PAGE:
Last month I had the pleasure of attending a seminar on Superannuation and Women run by Griffith University. It was so good to attend an information sharing session where everybody kept to the facts and there were no inferences about gender bias. There is a wealth of research and it all points in the same direction.
The harsh reality is that most women retire with much less superannuation than men do, which makes it particularly difficult for single women and widows. And this is exacerbated by the fact that, on average, women live almost five years longer than men.
The reasons for the disparity in super are obvious: there is a 16% pay gap between males and females. Males tend to dominate in higher paid managerial positions, females often take time off from work to raise children, and 75% of part-time workers are female. Furthermore, there is often no employer superannuation paid when a worker is on maternity leave.
Once money is inside superannuation, women still tend to earn less. Why? Women tend to be less interested in superannuation than men, and because they often have a number of low-paying jobs in their working life, they accumulate multiple superannuation accounts because amalgamating them is just too difficult. I can vouch for that – my daughter has four small superannuation accounts and I’ve been trying for three years to get her to consolidate them. But the paperwork always gets in the way.
The research also shows that women tend to be more risk averse than men are. As a result, they tend to keep their superannuation in more conservative options from the time they start work. The cost of this in later life can be huge.
CASE STUDY Two people start work at age 20 on $35,000 a year. Let’s assume their salary grows at 4% per annum and employer contributions remain at 9.5%. The first person is extremely conservative, so their fund earns only 4% per annum. At age 65 their superannuation balance is $750,000. The second person adopts a more growth-orientated asset allocation and as a result their fund earns 8% per annum. At age 65 their superannuation is worth $2 million.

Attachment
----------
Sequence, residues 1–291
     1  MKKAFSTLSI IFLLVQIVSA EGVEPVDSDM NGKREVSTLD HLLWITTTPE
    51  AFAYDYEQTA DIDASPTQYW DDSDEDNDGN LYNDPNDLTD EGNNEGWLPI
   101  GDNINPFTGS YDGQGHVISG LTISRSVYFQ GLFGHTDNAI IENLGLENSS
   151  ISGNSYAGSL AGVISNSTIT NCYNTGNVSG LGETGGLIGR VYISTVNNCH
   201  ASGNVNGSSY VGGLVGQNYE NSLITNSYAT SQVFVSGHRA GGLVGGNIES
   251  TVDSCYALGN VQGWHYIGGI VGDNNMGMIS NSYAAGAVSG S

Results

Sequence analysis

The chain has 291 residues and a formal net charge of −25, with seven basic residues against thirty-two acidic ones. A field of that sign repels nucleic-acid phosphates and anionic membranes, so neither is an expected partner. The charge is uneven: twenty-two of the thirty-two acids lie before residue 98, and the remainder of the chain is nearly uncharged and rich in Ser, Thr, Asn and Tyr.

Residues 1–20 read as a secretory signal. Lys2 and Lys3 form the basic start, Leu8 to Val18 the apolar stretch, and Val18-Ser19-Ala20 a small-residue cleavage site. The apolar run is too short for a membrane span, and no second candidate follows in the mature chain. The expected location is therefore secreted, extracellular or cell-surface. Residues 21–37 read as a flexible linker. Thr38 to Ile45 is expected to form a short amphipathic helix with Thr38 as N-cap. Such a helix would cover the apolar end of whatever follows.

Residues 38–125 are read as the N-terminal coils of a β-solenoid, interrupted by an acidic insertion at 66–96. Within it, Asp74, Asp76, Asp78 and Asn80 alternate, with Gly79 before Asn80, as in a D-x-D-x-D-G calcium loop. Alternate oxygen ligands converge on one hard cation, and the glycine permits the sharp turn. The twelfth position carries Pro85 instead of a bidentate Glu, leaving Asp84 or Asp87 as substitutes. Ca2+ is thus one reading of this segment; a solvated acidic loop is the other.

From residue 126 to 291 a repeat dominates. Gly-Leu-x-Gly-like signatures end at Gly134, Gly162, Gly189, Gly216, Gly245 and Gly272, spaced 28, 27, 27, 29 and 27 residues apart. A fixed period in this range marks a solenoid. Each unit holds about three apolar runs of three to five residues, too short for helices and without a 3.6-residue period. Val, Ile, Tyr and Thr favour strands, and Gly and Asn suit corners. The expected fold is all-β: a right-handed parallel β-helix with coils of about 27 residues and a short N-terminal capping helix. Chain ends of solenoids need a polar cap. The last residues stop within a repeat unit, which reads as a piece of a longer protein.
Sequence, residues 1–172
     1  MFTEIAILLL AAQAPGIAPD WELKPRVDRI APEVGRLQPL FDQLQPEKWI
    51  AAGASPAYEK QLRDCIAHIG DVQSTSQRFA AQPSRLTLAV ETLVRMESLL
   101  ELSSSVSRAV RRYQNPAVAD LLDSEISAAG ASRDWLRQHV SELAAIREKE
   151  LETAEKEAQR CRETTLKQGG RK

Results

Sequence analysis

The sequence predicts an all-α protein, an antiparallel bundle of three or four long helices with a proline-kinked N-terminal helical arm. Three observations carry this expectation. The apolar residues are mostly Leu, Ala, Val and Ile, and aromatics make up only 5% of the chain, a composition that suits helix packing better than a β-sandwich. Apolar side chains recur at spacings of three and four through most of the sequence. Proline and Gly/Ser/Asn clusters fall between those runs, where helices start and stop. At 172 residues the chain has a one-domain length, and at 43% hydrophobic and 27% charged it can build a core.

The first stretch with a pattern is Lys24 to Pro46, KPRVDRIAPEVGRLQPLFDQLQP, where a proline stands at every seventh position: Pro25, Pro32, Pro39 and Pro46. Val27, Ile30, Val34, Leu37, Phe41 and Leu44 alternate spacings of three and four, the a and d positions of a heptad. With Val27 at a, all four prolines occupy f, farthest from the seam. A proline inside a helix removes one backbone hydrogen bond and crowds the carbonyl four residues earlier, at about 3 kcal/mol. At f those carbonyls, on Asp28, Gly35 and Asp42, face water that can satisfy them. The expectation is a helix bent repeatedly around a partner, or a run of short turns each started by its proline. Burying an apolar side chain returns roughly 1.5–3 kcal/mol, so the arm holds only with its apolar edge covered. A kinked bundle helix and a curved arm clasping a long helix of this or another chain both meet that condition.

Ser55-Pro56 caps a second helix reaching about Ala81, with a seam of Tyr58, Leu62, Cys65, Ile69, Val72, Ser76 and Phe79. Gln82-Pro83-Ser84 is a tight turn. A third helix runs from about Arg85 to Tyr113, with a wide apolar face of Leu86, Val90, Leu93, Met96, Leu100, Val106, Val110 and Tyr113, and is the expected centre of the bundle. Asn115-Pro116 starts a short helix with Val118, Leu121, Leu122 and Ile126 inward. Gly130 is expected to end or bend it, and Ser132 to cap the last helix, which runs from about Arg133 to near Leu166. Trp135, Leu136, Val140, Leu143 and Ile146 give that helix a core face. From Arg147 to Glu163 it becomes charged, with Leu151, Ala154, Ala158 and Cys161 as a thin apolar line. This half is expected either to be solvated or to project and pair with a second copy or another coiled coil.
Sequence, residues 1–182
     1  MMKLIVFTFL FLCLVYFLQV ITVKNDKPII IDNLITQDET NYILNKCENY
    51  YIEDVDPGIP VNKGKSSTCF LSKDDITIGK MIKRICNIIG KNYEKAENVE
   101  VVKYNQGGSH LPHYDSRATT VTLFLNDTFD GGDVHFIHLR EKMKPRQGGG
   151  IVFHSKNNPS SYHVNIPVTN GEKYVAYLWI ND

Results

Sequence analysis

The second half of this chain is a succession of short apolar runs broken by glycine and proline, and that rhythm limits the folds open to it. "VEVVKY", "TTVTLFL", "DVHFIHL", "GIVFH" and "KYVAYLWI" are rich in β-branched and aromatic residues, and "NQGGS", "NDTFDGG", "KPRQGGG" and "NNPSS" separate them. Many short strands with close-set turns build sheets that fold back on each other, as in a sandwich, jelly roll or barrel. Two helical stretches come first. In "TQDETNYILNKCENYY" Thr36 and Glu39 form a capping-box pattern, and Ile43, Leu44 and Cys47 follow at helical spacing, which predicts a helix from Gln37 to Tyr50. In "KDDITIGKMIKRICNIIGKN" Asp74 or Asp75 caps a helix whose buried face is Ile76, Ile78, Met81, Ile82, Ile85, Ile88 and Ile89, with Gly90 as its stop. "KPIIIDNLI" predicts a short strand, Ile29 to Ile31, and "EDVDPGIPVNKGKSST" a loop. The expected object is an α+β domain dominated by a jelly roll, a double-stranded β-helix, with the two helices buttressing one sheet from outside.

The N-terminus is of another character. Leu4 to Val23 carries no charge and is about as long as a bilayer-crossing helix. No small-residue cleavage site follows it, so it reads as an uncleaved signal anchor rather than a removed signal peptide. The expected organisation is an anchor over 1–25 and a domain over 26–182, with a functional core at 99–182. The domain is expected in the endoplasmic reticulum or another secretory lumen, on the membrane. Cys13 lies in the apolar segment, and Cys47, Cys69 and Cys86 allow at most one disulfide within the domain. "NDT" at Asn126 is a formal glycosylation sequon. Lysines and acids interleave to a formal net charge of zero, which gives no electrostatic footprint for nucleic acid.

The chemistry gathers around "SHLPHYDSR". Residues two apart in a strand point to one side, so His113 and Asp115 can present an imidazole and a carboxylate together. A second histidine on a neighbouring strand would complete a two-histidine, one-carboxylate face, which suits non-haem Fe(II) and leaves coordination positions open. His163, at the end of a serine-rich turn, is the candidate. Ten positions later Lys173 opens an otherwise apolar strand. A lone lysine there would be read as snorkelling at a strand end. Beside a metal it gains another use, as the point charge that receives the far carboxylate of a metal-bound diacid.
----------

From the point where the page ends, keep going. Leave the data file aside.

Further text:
Education is a critical factor in improving the gap in superannuation returns, and it was great to hear representatives from funds Unisuper and Qsuper telling us what they are doing in this area. A major focus was on offering financial literacy seminars, as well as nudging people towards the ASIC Moneysmart website, which is a great source of information.
So what can be done? A starting point would be to make “high growth” the default option for everybody under, say, 50. This would boost their superannuation in the long term and get them used to more growth-orientated assets along the way.
Fortunately, some action is being taken at government level. Last month's budget flagged changes to require all inactive superannuation accounts with balances below $6,000 to be transferred to the ATO. The ATO will then use data matching to proactively reunite these inactive accounts with a member’s active account, where possible.
From last July everybody has been able to make tax-deductible contributions to super, even if their employer is contributing for them. Best of all, legislation is in place to allow catch-up contributions, enabling women to make additional contributions to compensate for time spent out of the workforce.
These three government initiatives will certainly help reduce the gap between men and women in regards to superannuation.
Of course there is still much to do, and improving financial literacy for all Australians continues to be one of the greatest challenges facing us. But the better we understand the problem, the better chance we have of solving it.
- Noel Whittaker is the author of Making Money Made Simple and numerous other books on personal finance. Email him at firstname.lastname@example.org, Visit his website: www.noelwhittaker.com.au.